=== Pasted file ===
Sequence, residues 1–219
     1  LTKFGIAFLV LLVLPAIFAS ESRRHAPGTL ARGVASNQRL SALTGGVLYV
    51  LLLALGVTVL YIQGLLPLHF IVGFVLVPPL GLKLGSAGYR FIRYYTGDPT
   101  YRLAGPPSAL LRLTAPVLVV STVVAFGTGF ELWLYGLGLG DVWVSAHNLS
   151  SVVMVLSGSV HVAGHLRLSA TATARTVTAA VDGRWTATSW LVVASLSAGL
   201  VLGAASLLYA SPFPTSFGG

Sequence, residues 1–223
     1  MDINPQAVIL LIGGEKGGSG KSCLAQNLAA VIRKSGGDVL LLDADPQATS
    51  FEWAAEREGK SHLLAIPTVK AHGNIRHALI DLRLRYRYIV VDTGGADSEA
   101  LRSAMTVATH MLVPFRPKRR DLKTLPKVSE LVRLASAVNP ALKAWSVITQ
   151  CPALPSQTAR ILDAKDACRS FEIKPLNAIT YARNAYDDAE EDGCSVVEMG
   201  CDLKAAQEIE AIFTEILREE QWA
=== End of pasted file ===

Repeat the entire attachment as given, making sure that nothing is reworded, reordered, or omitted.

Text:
Sequence, residues 1–219
     1  LTKFGIAFLV LLVLPAIFAS ESRRHAPGTL ARGVASNQRL SALTGGVLYV
    51  LLLALGVTVL YIQGLLPLHF IVGFVLVPPL GLKLGSAGYR FIRYYTGDPT
   101  YRLAGPPSAL LRLTAPVLVV STVVAFGTGF ELWLYGLGLG DVWVSAHNLS
   151  SVVMVLSGSV HVAGHLRLSA TATARTVTAA VDGRWTATSW LVVASLSAGL
   201  VLGAASLLYA SPFPTSFGG

Sequence, residues 1–223
     1  MDINPQAVIL LIGGEKGGSG KSCLAQNLAA VIRKSGGDVL LLDADPQATS
    51  FEWAAEREGK SHLLAIPTVK AHGNIRHALI DLRLRYRYIV VDTGGADSEA
   101  LRSAMTVATH MLVPFRPKRR DLKTLPKVSE LVRLASAVNP ALKAWSVITQ
   151  CPALPSQTAR ILDAKDACRS FEIKPLNAIT YARNAYDDAE EDGCSVVEMG
   201  CDLKAAQEIE AIFTEILREE QWA